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“He alone, whose hand is bounding
Human power and human will,
Looking through each soul's surrounding,
Knows its good or ill.
“For thyself, while wrong and sorrow
Make to thee their strong appeal,
Coward wert thou not to utter
What the heart must feel.
“Earnest words must needs be spoken
When the warm heart bleeds or burns
With its scorn of wrong, or pity
For the wronged, by turns.
“But, by all thy nature's weakness,
Hidden faults and follies known,
Be thou, in rebuking evil,
Conscious of thine own.
“Not the less shall stern-eyed Duty
To thy lips her trumpet set,
But with harsher blasts shall mingle
Wailings of regret.”
Cease not, Voice of holy speaking,
Teacher sent of God, be near,
Whispering through the day's cool silence,
Let my spirit hear!
So, when thoughts of evil doers
Waken scorn or hatred move,
Shall a mournful fellow-feeling
Temper all with love.
WRITTEN during the discussion in the Legislature of that State in the winter of 1846–7, of a bill for the abolition of Slavery.
THRICE welcome to thy sisters of the East,
To the strong tillers of a rugged home,
With spray-wet locks to Northern winds released,
And hardy feet o'er-swept by ocean's foam;
And to the young nymphs of the golden West,
Whose harvest mantles, fringed with prairie
Trail in the sunset,_oh, redeemed and blest,
To the warm welcome of thy sisters come !
Broad Pennsylvania, down her sail-white bay
Shall give thee joy, and Jersey from her plains,
And the great lakes, where echo free alway
Moaned never shoreward with the clank of
Shall weave new sun-bows in their tossing spray,
And all their waves keep grateful holiday.
And, smiling on thee through her mountain rains,
Vermont shall bless thee; and the Granite peaks,
And vast Katahdin o'er his woods, shall wear
Their snow-crowns brighter in the cold keen air;
And Massachusetts, with her rugged cheeks
O'errun with grateful tears, shall turn to thee,
When, at thy bidding, the electric wire
Shall tremble northward with its words of fire:
Glory and praise to God! another State is free!
[“PURE religion, and undefiled, before God and the Father, is this: To visit the widows and the fatherless in their affliction, and to keep himself unspotted from the world.”—James i. 27.]
THE Pagan's myths through marble lips are spoken, And ghosts of old Beliefs still flit and moan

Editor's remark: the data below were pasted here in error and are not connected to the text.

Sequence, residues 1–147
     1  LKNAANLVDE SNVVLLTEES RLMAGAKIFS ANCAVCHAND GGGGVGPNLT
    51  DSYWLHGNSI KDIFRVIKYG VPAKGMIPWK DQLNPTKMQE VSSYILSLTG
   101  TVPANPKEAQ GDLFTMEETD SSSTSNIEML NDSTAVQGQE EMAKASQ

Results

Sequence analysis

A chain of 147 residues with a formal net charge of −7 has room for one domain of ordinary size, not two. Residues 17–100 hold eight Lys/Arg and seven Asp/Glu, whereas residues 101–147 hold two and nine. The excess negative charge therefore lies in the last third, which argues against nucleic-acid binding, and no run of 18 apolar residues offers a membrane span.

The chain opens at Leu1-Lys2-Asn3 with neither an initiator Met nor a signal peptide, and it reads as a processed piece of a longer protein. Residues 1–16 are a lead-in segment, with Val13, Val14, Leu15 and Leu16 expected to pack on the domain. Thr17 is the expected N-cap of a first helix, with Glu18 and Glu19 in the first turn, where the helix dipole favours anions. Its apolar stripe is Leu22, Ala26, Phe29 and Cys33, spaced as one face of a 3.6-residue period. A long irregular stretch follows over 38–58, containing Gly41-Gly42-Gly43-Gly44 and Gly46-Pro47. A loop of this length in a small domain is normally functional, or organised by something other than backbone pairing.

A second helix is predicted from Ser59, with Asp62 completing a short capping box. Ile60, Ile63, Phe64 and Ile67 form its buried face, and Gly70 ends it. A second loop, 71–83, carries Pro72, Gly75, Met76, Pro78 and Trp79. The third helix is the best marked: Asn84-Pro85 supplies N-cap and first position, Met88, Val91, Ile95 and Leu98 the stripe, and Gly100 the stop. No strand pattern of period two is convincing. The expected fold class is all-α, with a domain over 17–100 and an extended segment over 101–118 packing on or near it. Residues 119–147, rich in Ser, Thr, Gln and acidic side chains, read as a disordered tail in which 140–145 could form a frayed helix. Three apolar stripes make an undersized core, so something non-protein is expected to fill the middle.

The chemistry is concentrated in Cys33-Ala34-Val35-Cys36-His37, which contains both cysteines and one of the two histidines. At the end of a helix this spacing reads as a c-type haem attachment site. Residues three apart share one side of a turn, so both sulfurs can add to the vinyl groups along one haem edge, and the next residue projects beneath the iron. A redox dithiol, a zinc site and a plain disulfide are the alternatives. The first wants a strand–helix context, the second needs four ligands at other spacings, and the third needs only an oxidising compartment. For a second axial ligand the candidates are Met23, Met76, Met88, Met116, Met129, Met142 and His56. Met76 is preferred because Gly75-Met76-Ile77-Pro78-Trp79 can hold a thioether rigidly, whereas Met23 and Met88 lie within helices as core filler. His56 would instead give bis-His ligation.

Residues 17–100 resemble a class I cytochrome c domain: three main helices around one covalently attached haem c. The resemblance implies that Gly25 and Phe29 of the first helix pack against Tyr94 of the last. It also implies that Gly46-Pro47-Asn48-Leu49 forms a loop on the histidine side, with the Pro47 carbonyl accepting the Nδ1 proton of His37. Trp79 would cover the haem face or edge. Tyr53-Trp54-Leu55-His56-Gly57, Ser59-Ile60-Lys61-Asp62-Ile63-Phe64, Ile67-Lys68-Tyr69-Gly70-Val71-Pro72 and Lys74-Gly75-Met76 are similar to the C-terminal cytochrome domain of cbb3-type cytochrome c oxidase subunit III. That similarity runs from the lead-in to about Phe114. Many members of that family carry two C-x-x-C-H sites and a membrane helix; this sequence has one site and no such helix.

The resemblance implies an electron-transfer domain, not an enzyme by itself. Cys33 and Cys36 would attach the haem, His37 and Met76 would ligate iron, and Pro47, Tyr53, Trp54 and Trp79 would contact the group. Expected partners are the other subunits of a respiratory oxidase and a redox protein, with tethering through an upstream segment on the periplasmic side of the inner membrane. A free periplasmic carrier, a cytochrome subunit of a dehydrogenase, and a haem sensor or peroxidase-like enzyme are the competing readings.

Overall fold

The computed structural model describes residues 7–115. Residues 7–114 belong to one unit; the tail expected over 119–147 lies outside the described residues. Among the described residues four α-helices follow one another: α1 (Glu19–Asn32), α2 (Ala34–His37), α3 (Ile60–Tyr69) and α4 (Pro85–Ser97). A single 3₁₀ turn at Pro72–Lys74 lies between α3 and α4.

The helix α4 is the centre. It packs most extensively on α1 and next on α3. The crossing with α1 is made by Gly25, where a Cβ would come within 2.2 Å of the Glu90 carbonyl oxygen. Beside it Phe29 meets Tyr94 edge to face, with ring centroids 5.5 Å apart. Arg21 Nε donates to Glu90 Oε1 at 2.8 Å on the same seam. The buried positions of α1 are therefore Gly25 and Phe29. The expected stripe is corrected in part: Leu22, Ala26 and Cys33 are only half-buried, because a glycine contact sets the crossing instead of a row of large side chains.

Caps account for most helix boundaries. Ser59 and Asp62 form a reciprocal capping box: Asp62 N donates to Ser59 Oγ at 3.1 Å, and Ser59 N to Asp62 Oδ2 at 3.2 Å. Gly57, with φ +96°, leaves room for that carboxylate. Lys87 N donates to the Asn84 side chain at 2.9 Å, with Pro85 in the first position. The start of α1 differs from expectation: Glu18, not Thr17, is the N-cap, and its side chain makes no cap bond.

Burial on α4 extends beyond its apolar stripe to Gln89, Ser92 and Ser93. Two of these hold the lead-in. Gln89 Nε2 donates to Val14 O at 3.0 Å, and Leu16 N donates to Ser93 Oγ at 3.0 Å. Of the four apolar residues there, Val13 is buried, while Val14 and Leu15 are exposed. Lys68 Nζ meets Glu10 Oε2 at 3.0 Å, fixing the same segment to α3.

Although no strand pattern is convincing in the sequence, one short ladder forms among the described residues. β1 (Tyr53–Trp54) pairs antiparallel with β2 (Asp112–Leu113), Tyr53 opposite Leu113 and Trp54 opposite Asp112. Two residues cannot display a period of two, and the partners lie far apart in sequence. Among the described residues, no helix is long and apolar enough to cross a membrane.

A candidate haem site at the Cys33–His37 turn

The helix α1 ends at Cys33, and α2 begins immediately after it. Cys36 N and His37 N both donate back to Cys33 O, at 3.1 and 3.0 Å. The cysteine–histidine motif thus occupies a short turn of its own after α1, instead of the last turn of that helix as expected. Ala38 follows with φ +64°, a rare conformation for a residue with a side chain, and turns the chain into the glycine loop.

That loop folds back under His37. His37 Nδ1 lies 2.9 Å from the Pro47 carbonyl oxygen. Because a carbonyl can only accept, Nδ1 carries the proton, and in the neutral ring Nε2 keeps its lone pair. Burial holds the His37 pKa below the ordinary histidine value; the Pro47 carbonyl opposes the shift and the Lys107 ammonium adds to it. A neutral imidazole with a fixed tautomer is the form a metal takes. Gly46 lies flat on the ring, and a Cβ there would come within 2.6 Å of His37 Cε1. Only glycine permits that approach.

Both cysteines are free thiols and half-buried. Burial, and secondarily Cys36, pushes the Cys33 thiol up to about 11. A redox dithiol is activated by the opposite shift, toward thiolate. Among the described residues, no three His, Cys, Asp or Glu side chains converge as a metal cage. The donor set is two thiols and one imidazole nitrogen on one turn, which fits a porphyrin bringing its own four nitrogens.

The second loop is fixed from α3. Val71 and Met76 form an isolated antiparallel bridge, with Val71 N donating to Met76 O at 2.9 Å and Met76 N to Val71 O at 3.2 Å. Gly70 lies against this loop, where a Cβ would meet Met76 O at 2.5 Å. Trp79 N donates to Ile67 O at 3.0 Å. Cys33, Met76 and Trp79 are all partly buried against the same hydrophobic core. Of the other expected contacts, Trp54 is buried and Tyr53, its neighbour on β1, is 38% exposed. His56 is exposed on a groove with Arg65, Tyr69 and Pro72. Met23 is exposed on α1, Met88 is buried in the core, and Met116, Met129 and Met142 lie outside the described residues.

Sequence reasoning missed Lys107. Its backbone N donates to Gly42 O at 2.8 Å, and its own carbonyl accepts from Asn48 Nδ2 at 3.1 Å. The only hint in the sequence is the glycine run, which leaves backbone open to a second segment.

Round fane and altar overthrown and broken, O'er tree-grown barrow and gray ring of stone.
Blind Faith had martyrs in those old high places, The Syrian hill grove and the Druid's wood,
With mothers' offering, to the Fiend's embraces, Bone of their bone, and blood of their own blood.
Red altars, kindling through that night of error,
Smoked with warm blood beneath the cruel eye
Of lawless Power and sanguinary Terror,
Throned on the circle of a pitiless sky;
Beneath whose baleful shadow, overcasting
All heaven above, and blighting earth below,
The scourge grew red, the lip grew pale with fast-
And man's oblation was his fear and woel
Then through great temples swelled the dismal
Of dirge-like music and sepulchral prayer;
Pale wizard priests, o'er occult symbols droning,
Swung their white censers in the burdened air:
As if the pomp of rituals, and the savor
Of gums and spices could the Unseen One
As if his ear could bend, with childish favor,
To the poor flattery of the organ keys'
Feet red from war fields trod the church aisles holy With trembling reverence; and the oppressor there, Kneeling before his priest, abased and lowly, Crushed human hearts beneath his knee of prayer.
Not such the service the benignant Father
Requireth at his earthly children's hands:
Not the poor offering of vain rites, but rather
The simple duty man from man demands.
For Earth he asks it: the full joy of Heaven
Knoweth no change of waning or increase;
The great heart of the Infinite beats even,
Untroubled flows the river of his peace.
He asks no taper lights, on high surrounding
The priestly altar and the saintly grave,
No dolorous chant nor organ music sounding,
Nor incense clouding up the twilight nave.
For he whom Jesus loved hath truly spoken :
The holier worship which he deigns to bless
Restores the lost, and binds the spirit broken,
And feeds the widow and the fatherless |
Types of our human weakness and our sorrow 1 Who lives unhaunted by his loved ones dead? Who, with vain longing, seeketh not to borrow From stranger eyes the home lights which have fled 2
Oh, brother man fold to thy heart thy bröther;
Where pity dwells, the peace of God is there;
To worship rightly is to love each other,
Each smile a hymn, each kindly deed a prayer.
Follow with reverent steps the great example
Of Him whose holy work was “doing good;”
So shall the wide earth seem our Father's temple, Each loving life a psalm of gratitude.
Then shall all shackles fall; the stormy clangor
Of wild war music o'er the earth shall cease;
Love shall tread out the baleful fire of anger,
And in its ashes plant the tree of peace l
THE Brownie sits in the Scotchman's room,
And eats his meat and drinks his ale,
And beats the maid with her unused broom,
And the lazy lout with his idle flail,
But he sweeps the floor and threshes the corn,
And hies him away ere the break of dawn.
The shade of Denmark fled from the sun,
And the Cocklane ghost from the barnloft cheer,
The fiend of Faust was a faithful one,
Agrippa's demon wrought in fear,
And the devil of Martin Luther sat
By the stout monk’s side in social chat.
The Old Man of the Sea, on the neck of him
Who seven times crossed the deep,
Twined closely each lean and withered limb,
Like the nightmare in one's sleep.
But he drank of the wine, and Sinbad cast
The evil weight from his back at last.
But the demon that cometh day by day
To my quiet room and fireside nook,
Where the casement light falls dim and gray
On faded painting and ancient book,
Is a sorrier one than any whose names
Are chronicled well by good king James.